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"Expensive" is obviously >$34,000, according to FCA's own data, since the vast majority of their trucks that sold were under that mark. And when you look at how much a RAM 1500 actually costs, that tells me that the vast majority of their sales were very sparsely-optioned units. I wonder why..

Ford just told us what they expect "expensive" to be in this segment. Given that they're one of the only ones releasing a truck into this segment in the US, I'd say they get to define that. Stellantis doesn't offer anything in that segment in the US and as such their view on what is or isn't expensive in that segment in the US simply doesn't matter.
Look at the pricing that has red blocking ($39,000 and above) the presentation shows the why beyond changes they made with the RAM DT vs RAM DS (been classic since DT launch).

If one believes the opportunity is $39,000 and above+limited capacity you don’t invest resources going the opposite direction. Hence the RAM TRX and all the other options & goodies undertaken with RAM DT.

Also there’s no two door on RAM DT.
Finally, you seem to be connected to two doors beyond “ why are they driving 30 year-old 2-door Mazdas and Toyotas” that you proclaimed earlier (one that I put a very high discount on).
 
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TripleT

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Most of those Camry sales come from California too.
Most Camry are sold a zero or no margin. The plant manager was frog walked out of the plant in Georgetown because they were behind converting the plant to make SUVs.

NEVER use total sales numbers to justify success, that has more to do with volume capacity then whether it has demand.

2 doors have a low take rate and low margin. Using capacity to produce low margin vehicles is not good for anyone even only small slice of consumer, as actually it raises the cost of in demand configurations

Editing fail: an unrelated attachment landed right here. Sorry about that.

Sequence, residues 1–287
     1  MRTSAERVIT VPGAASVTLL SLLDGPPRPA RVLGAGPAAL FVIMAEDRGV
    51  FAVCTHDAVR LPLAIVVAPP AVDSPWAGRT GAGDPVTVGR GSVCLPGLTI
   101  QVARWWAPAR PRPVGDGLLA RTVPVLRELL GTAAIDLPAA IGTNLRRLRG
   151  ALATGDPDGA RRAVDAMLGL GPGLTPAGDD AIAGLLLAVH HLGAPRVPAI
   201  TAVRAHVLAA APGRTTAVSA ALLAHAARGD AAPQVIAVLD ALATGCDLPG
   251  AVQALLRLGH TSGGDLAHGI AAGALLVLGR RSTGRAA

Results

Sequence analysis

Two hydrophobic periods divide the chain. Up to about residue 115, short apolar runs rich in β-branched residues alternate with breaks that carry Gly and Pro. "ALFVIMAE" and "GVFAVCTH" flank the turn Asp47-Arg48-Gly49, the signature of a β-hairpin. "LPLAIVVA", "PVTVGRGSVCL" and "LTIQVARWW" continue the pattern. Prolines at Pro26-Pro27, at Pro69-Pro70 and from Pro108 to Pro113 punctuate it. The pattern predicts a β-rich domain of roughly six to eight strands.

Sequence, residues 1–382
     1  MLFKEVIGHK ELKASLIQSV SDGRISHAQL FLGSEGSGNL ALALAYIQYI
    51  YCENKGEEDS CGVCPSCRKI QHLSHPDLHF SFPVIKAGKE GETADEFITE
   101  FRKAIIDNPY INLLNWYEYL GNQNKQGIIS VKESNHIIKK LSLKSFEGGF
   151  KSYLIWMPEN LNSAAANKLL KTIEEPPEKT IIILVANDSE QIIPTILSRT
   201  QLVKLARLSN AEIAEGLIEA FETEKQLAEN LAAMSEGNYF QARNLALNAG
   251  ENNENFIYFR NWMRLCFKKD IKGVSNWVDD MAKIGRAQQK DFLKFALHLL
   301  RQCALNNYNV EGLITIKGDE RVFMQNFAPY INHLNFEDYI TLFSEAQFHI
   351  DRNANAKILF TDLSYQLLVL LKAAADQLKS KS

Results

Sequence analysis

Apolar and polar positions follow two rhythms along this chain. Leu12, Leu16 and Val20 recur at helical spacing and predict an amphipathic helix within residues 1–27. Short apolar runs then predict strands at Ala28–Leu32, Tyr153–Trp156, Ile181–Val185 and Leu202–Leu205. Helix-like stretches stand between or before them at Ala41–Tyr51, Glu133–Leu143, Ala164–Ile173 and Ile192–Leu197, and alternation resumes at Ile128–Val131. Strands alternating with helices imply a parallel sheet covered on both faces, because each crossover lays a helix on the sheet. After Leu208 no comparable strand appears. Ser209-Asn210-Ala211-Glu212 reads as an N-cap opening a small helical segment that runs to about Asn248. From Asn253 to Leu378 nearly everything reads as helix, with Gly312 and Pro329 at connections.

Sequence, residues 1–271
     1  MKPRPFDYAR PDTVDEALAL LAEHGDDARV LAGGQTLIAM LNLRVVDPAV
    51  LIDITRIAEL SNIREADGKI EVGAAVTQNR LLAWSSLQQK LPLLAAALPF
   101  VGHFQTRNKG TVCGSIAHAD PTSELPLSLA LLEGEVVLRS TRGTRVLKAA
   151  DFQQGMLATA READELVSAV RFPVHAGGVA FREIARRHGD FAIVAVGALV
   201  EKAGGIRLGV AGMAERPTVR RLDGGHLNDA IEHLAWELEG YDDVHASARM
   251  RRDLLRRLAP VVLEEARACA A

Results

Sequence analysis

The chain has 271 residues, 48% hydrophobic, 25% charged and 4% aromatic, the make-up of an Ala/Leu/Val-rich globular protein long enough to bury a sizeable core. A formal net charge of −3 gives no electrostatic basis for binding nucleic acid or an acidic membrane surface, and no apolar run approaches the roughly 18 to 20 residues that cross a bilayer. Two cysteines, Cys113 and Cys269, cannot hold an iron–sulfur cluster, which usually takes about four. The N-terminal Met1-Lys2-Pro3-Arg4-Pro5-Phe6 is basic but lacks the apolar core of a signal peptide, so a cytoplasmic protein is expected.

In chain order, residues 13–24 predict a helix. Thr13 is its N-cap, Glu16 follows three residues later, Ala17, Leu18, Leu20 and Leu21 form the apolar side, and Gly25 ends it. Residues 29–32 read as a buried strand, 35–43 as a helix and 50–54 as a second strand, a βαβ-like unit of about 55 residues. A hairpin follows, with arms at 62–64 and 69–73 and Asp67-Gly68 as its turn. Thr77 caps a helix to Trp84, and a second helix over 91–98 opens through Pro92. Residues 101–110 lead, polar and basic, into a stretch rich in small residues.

Bili

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Ram should send future Brazilian pick to North America. Of course because of chicken tax it must be made in North America.
 

wunjee

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They can get around the chicken tax the same way Mercedes does. Ship the vehicle here unassembled and assemble it in the US. Then it's technically "made in America". Mahindra did this with the Roxor too. Even though all the major assemblies were manufactured in India, the final product was assembled in the US, allowing them to claim it was "made in America".

Also I just got to thinking. There must be a massive surplus on RAM ProMaster City and Transit Connect window glass and rear seats somewhere...
 

TripleT

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They can get around the chicken tax the same way Mercedes does. Ship the vehicle here unassembled and assemble it in the US. Then it's technically "made in America". Mahindra did this with the Roxor too. Even though all the major assemblies were manufactured in India, the final product was assembled in the US, allowing them to claim it was "made in America".

Also I just got to thinking. There must be a massive surplus on RAM ProMaster City and Transit Connect window glass and rear seats somewhere...
every Korean made in Alabama
 

AlexB